An individual that answers yes to all the questions above is far more likely to be considered a resident under common law versus an individual that only answers yes to some of them. However, how many is considered enough? As you can see, it is not so straightforward. Which is why, this is a question of facts. But by the same token, there is no application to “become” a non-resident. Either you are, or you aren’t. And it’s all based on the facts.

It’s important to note that the above list is by no means an exhaustive list of all the factors to consider. In fact, there’s no such a thing as an exhaustive list since it’s based on the individual’s specific facts. However CRA does provide a longer list of factors to consider.

Going back to the original questions on whether or not a person can keep their driver license if they leave the country: the answer is that it depends. An example situation: the individual in question is a new graduate from a computer science program deciding that he or she much rather be in enjoying a living in some tech company somewhere in California than dealing with miserable Canadian winter. Said person moves to California with no intention of coming back but keeps a Canadian bank with whatever miserable amount of cash they have left after gruelling tuitions and keeps their driver license because, well, you just never know. Would you say this person has strong enough ties to Canada to make him or her a resident, just because he or she didn’t get rid of his or her drive license? I would probably say no. However, you can very easily imagine a completely different situation where the answer becomes yes.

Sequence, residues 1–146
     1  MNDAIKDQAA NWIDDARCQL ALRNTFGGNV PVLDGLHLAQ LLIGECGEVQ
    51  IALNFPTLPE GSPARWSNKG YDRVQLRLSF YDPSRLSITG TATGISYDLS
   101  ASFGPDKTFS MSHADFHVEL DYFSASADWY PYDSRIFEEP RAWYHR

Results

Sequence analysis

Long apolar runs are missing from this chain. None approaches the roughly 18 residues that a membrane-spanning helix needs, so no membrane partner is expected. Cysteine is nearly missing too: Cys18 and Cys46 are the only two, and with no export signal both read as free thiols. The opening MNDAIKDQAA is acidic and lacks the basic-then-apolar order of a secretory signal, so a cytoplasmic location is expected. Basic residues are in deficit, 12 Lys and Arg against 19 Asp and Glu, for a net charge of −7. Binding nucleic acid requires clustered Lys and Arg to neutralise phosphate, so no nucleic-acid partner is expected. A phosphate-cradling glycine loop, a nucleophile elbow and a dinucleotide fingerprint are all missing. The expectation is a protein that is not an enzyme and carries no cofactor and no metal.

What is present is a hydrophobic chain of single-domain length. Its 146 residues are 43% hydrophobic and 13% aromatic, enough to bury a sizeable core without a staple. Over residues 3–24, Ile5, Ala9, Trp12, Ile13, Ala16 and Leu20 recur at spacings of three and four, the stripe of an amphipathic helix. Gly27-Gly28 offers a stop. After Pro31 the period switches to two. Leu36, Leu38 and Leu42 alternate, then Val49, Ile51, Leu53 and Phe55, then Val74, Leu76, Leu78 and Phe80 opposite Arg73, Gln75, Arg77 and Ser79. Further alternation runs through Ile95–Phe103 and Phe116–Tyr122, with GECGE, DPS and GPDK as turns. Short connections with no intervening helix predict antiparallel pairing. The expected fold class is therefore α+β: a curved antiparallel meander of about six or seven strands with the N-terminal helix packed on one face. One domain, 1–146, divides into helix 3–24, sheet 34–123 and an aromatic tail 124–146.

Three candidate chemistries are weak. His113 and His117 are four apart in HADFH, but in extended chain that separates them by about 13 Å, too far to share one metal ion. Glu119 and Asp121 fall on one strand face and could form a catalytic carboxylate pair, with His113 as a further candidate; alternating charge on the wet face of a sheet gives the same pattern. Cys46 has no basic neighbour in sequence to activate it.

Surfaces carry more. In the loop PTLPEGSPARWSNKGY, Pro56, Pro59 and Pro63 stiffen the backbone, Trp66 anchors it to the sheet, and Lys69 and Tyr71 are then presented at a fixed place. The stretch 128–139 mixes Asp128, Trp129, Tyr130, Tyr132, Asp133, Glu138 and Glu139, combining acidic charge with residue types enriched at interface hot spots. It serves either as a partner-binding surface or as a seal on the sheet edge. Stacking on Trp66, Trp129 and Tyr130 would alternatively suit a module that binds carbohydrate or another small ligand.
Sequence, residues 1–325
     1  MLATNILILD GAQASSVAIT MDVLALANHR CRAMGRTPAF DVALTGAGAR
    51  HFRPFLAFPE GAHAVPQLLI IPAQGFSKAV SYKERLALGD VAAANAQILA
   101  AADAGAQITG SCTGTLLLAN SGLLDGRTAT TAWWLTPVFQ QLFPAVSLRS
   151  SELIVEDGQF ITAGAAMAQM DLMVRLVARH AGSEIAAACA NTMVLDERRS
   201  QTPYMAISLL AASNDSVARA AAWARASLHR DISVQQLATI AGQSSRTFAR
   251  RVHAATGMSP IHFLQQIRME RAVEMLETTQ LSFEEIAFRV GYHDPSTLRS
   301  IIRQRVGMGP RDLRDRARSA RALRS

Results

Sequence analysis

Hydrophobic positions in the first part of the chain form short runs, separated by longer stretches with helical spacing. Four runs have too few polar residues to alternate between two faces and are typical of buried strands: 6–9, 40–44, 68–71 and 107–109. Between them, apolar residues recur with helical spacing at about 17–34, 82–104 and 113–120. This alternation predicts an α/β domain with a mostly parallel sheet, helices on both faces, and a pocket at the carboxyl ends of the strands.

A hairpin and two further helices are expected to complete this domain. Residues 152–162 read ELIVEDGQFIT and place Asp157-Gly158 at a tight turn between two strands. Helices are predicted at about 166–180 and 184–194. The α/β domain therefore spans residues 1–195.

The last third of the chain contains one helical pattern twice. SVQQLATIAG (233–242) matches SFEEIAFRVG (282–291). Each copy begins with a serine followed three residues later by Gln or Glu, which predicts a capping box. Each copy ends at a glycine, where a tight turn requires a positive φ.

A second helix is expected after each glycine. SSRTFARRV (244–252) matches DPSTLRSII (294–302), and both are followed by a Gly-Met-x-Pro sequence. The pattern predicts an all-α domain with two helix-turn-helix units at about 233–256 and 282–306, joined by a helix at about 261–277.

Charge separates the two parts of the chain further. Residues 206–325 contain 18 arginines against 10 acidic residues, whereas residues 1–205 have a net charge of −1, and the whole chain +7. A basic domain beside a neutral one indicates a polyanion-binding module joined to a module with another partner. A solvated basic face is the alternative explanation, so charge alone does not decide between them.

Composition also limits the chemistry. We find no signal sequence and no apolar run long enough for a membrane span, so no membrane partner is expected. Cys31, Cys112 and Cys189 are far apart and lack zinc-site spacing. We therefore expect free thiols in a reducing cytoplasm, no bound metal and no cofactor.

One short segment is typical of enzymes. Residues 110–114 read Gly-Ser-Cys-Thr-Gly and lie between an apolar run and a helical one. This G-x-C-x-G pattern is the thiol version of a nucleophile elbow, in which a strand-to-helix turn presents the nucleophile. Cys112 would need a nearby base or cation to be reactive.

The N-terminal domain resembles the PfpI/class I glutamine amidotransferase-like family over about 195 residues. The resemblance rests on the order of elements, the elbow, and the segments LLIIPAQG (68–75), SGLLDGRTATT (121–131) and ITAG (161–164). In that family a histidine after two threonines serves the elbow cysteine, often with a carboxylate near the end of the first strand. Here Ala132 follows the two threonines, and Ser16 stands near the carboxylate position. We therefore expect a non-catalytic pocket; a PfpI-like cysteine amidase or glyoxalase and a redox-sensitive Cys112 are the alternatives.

Unfortunately to keep this blog post within readable length, I will not be going into details the various potential factors (save that for another post).

On a final note about the role of CRA (and the NR73 form) in all of this. CRA is an administrative body tasked with the collection of taxes (and other things) in accordance to our laws. Therefore, it is their job to make an interpretation on whether or not an individual is a resident of Canada for tax purposes. The NR73 is not a requirement of the Income Tax Act. It is a questionnaire designed to provide all the relevant facts to CRA so that CRA can make an interpretation. Therefore, you do not need to (at least voluntarily) file a NR73. However, CRA may ask you to anyways to gather the facts.

CRA, being an administrative body, can be wrong (and sometimes even biased) in their interpretation. Ultimately, it is the Canadian courts that have the final say on whether or not an individual is a resident for tax purposes.

I hope this helps answering some of the common questions around this topic. If you have any further questions feel free to leave a comment below.

Edit: Forgot to add the disclaimer… don’t want to get in trouble here.

Disclaimer: This post provides general information on various tax issues and other matters. The information is not intended to constitute professional advice and may not be appropriate for a specific individual or fact situation. It is written by the author solely in their personal capacity and cannot be attributed to the accounting firm with which they are affiliated. It is not intended to constitute professional advice, and neither the author nor the firm with which the author is associated shall accept any liability in respect of any reliance on the information contained herein. Readers should always consult with their professional advisors in respect of their particular situation.